An ELISA assay was employed to screen the supernatants from hybridomas. Into each well (Costar EIA plate, 96 wells) is successively introduced and flicked out: 100 μg/ml G6PDH for 2 hours at 37° C.; 100 μl 1% fetal bovine serum in PBS for 1 hour at 37° C.; and 100 μl culture supernatant for 1 hour at 37° C. The plates are then washed 3× with PBS +0.05% Tween 20. Anti-mouse polyclonal antibody (100 μl, 1 μg/ml) conjugated to alkaline phosphatase is added and incubated for 1 hour at 37° C. and washed 3× with PBS-Tween 20. Finally, 100 μl of 0.6 mg/ml p-nitrophenyl phosphate in substrate buffer (0.098 g MgCl2.H2 O, 192 ml ethanolamine; H2 O to 2 L, pH 9.8). Optical densities (OD's) are read at 405 nm on a 96-well Titertek reader (Flow Labs).
One colony designated II-1H9 gave a reading of 0.440 after 20 minutes incubation. The antibody from this hydridoma was combined with G6PDH and was shown to provide a biphasic effect on G6PDH activity.
Subsequent fusions were repeated, immunizing with native G6PDH using CB6F1/J mice (Jackson Labs). Three colonies were found to provide antibodies which resulted in a biphasic effect on G6PDH.
These colonies were designated V8Cl12, V8G12 and V1A1 and the hybridoma V8Cl12 was deposited at the A.T.C.C. on Mar. 13, 1984 and given accession no. HB8498.
The digoxin-G6PDH conjugate is prepared as follows. Into a solution of 2.56 g 3-ketodigoxigenin and 3.3 g of sodium acetate is added 1.57 g carboxymethoxylamine hydrochloride with stirring and the mixture refluxed under N2 for 2 hours. After concentration in vacuo, 320 ml of 5% aqueous NaHCO3 is added and the aqueous solution extracted 3×200 ml HCCl3. After acidifying the aqueous solution with 280 ml 1N HCl, the aqueous solution is extracted 10×125 ml ethyl acetate, the extracts combined and dried over anh. MgSO4. The product is then isolated by filtration and evaporation yielding 2.59 g, which is further purified by dissolving in hot 7:10 methanol; ethyl acetate (60-80 ml). The product is precipitated from the cooled solution by the addition of pentane. After crystallization is complete, the product is isolated by filtration and dried in vacuo.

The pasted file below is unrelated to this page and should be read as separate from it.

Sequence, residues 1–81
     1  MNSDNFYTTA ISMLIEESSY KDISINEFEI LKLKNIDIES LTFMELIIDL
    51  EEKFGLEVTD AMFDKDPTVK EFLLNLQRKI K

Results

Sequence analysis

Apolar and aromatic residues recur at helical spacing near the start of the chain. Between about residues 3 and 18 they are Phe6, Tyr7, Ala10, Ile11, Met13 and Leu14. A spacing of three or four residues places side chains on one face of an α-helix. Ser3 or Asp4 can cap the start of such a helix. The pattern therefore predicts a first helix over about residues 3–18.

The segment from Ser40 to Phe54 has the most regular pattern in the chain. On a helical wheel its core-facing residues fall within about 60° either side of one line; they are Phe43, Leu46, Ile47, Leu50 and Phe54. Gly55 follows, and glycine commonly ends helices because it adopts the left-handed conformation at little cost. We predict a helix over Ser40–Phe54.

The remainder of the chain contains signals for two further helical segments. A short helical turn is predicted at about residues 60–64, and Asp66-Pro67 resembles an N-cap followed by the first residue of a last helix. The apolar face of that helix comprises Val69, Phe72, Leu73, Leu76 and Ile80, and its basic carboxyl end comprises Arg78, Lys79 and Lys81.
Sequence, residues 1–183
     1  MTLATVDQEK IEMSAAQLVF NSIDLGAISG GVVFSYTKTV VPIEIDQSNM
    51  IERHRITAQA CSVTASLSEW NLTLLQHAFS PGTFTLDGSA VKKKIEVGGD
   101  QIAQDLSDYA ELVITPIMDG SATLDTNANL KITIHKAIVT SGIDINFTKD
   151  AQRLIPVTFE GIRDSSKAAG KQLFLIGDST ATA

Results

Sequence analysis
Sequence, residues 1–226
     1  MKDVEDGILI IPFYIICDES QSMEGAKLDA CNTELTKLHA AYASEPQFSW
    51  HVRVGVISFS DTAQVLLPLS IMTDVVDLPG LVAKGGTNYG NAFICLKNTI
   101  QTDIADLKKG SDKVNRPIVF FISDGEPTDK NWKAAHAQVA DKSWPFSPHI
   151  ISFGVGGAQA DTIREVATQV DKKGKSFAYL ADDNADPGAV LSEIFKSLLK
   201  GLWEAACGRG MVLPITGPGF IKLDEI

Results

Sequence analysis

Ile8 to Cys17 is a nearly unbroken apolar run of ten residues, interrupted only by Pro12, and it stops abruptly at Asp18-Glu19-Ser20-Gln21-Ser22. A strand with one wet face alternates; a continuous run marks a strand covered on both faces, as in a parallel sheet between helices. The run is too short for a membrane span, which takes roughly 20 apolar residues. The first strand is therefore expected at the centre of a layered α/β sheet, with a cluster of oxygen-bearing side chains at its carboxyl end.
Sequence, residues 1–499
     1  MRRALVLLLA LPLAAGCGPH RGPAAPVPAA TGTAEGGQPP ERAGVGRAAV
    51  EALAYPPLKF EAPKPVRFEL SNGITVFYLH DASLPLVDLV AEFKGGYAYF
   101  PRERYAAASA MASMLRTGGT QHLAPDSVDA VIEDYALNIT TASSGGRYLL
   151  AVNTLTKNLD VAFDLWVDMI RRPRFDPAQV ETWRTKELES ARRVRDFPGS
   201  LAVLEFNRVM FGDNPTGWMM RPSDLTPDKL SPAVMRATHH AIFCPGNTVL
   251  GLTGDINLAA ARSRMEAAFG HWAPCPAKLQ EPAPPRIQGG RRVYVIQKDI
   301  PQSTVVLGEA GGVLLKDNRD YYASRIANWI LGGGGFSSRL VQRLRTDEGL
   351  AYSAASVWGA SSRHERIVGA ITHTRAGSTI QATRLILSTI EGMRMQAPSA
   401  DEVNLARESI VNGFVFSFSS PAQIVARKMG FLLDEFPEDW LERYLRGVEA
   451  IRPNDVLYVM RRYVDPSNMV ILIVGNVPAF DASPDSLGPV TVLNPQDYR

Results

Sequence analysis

To 203.6 mg of the above dry product is added 2.2 ml DMF. After dissolution with stirring, 62 μl of triethylamine is added below the surface, the solution cooled to -15° to -20° C. and 82 μl of carbitol chloroformate added quickly below the surface. A precipitate forms and the mixture is continuously stirred while cold for 90 min. The supernatant is then used for conjugation.
To a solution of G6PDH (˜6 mg/ml) in 3 ml Tris-buffer (0.055M Tris HCl, pH 8.0), was added with agitation 45 mg glucose-6-phosphate and 90 mg NADH, followed by the slow addition of 1.5 ml Carbitol while cooling the solution. The Carbitol is introduced below the surface, the addition requiring about 35-45 min. The pH is adjusted to 8.9, followed by the addition of 25 μl increments of the activated digoxin solution at a rate of 50 μl/min until a ratio of 0.4 mg/mg of digoxin/G6PDH is obtained. Digoxin addition is terminated and the enzyme conjugate is then chromatographed on a G50 Sephadex column equilibrated with Tris-HCl buffer plus preservatives (0.05% NaN3, 0.005% Thimerosal) and 18-22 ml fractions collected and monitored. (Flow rate, ˜6-10 ml/min). Enzyme conjugate containing fractions are pooled and stored in the cold.
The subject invention need not be used in diagnostic assays, but also can be used for the modulation of enzyme activity in vitro or in vivo. Thus, in studying cellular function one can selectively modulate the physiological activity of one or more surface membrane proteins, including enzymes.
Although the foregoing invention has been described in some detail by way of illustration and example for purposes of clarity of understanding, it will be obvious that certain changes and modifications may be practiced within the scope of the appended claims.